DeSantis hits back at Trump in campaign blitz in US
Ron DeSantis was making a four-stop blitz through Iowa during his first full day of presidential campaigning on Wednesday, aiming for a personal connection with voters while intensifying his criticism of former president Donald Trump.
The Florida governor’s first stop was the floor of Port Neal Welding in Salix, a rural town near Sioux City, in the heart of the most Republican-heavy part of the state.
Mr DeSantis talked up his efforts to push his state further to the right.
Trying to position himself as the most formidable alternative to Donald Trump in the crowded Republican White House primary field, Mr DeSantis did not mention the former president by name in Salix. But he said the Bible emphasised the importance of being humble, adding that the country needed leaders who knew how to show humility.
“The tired dogmas of the past are inadequate for a vibrant future. We have to look forward,” Mr DeSantis said. “We can’t look backwards. We must have the courage to lead and we must have the strength to win.”
He later sat with his wife, Casey, among hydraulic lifts and long welding tables.
“They just seem very down to earth,” said Bev Lessman, 70, a retired teacher from Sioux City. After speaking, Mr DeSantis walked through the audience and Ms Lessman wrapped her arms around his neck and told the governor she could feel what seemed to her to be the governor’s Christian devotion.
“I told him we can’t make others live it, but I appreciated how he expressed his faith,” she said later. He replied, “But we can model it”, she said.
“There was a connection,” she added.
Mr DeSantis has subsequent appearances on Wednesday in Council Bluffs, Pella and Cedar Rapids as he holds a string of early events in the state where caucuses kick off the Republican presidential primary voting.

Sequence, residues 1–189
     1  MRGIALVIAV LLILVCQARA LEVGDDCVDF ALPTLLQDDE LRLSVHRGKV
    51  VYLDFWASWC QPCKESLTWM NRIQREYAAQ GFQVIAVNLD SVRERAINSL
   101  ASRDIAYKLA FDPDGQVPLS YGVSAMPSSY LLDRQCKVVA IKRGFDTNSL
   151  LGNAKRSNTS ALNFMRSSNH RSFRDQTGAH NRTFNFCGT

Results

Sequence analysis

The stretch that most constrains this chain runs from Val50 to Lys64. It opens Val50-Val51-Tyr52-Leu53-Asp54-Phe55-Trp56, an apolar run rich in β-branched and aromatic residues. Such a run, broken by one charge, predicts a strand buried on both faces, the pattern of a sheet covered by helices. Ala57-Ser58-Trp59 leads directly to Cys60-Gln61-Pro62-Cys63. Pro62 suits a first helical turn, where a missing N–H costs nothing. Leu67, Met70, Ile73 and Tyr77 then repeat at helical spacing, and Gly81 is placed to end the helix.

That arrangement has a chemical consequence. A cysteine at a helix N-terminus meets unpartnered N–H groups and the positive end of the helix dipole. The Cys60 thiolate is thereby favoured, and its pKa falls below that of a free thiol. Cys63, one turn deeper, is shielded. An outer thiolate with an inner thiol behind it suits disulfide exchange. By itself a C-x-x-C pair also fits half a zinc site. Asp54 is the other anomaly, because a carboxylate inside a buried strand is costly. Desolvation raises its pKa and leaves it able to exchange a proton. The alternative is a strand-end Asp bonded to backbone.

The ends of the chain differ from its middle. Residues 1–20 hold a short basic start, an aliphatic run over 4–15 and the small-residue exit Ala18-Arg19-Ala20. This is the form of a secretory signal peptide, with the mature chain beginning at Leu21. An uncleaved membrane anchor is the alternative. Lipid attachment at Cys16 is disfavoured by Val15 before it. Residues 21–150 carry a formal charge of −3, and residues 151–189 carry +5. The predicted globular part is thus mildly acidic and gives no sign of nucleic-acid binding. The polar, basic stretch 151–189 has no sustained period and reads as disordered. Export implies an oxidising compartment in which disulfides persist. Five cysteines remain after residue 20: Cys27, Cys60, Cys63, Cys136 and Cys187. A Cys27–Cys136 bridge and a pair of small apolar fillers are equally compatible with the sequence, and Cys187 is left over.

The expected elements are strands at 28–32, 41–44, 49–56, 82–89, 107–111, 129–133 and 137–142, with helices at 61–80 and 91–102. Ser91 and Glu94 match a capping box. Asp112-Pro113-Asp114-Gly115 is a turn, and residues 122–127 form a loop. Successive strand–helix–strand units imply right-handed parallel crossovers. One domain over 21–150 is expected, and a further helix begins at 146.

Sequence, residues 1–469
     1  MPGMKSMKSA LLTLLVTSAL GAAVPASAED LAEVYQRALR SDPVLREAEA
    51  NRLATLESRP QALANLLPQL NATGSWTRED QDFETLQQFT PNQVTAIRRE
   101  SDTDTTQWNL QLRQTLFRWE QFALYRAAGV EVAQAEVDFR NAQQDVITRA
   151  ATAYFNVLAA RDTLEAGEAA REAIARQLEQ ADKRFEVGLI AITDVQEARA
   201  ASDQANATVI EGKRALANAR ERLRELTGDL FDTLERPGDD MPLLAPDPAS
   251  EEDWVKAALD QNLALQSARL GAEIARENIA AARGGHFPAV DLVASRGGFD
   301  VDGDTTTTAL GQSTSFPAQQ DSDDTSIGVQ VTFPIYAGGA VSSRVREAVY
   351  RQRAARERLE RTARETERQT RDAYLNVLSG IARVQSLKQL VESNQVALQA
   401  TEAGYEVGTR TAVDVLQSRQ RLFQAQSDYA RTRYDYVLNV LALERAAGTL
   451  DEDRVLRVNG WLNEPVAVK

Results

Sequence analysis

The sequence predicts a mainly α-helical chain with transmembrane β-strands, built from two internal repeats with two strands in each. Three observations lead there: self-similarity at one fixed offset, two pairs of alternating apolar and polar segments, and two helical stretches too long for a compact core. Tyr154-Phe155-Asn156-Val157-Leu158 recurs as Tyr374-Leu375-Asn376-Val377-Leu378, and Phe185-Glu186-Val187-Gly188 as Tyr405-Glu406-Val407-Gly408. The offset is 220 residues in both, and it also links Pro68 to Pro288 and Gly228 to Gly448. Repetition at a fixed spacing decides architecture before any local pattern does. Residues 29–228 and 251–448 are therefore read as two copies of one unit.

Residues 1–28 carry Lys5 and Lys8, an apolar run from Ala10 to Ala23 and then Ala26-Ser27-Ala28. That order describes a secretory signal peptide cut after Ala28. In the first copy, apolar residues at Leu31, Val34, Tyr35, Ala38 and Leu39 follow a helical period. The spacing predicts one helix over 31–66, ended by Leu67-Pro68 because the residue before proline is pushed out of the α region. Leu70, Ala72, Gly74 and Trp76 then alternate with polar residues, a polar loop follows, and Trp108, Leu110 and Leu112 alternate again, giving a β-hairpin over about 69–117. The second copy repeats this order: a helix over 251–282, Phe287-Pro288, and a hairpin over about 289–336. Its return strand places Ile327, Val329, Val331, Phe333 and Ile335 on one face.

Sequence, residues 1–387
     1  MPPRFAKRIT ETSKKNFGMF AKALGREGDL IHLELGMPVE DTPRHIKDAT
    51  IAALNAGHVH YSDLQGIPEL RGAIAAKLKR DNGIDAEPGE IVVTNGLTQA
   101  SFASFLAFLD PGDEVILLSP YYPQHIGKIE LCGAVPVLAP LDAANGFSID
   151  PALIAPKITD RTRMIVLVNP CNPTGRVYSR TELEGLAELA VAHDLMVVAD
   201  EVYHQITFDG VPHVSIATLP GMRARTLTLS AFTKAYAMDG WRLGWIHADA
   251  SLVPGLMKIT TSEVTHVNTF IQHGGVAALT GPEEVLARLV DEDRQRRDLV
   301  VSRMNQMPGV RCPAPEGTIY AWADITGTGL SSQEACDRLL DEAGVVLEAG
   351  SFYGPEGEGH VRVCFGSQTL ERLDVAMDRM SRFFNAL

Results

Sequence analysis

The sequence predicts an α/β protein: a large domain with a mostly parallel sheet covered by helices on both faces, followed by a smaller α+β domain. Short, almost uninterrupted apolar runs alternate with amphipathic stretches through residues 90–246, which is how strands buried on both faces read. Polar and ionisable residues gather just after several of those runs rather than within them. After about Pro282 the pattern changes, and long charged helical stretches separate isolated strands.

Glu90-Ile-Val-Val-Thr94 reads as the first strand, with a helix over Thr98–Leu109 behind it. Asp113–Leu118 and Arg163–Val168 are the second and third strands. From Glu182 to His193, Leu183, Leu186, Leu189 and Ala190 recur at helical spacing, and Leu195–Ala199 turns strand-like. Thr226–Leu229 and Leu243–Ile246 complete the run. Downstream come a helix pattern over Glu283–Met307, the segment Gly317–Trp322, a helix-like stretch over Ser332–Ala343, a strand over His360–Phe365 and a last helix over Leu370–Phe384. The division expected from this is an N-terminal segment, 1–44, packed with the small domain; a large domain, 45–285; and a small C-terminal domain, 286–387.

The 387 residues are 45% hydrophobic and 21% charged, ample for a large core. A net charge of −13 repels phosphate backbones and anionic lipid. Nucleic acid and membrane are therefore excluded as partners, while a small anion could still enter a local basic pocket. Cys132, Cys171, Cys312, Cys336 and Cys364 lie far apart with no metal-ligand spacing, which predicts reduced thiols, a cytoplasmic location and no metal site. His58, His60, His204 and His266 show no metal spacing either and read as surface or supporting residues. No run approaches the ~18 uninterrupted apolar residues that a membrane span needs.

From there, he will head to New Hampshire on Thursday and South Carolina on Friday — two other states that vote early on the GOP primary calendar.
After months of speculation, Mr DeSantis launched his campaign with a glitch-filled online kickoff last week and held his first official Iowa event on Tuesday night before an energetic crowd of roughly 500 in a suburban Des Moines church.
He did not mention Mr Trump during his remarks, but speaking to reporters afterwards, he pushed back against the former president.
Mr DeSantis accused Mr Trump of essentially abandoning “America First” principles on immigration, supporting coronavirus pandemic-related lockdowns and generally having “moved left” on key issues.
The governor is opening his campaign behind Mr Trump in the polls.
Kate Romano, 60, of Indianola, Iowa, said she was more impressed by DeSantis than she expected during his Tuesday night appearance, calling him energetic and fun to hear. She said she voted reluctantly for Mr Trump in 2016 and 2020, and is interested in hearing from other candidates.
“I liked to hear that he’ll stand up to Trump,” she said.
Kim Riesberg, 59, said she, too, voted twice for Mr Trump but is not necessarily committed to him this time.
Mr Trump and his allies have unleashed a fresh round of anti-DeSantis attacks, sharing new polls finding the former president is the heavy favourite in the GOP race and taking aim at Mr DeSantis’s leadership during the pandemic.
Mr Trump, who was already scheduled to be in Iowa on Thursday, added stops in the state to his schedule for Wednesday, ensuring he would overlap with Mr DeSantis for a time. Mr Trump will tape a radio appearance in Des Moines before attending a GOP legislative dinner.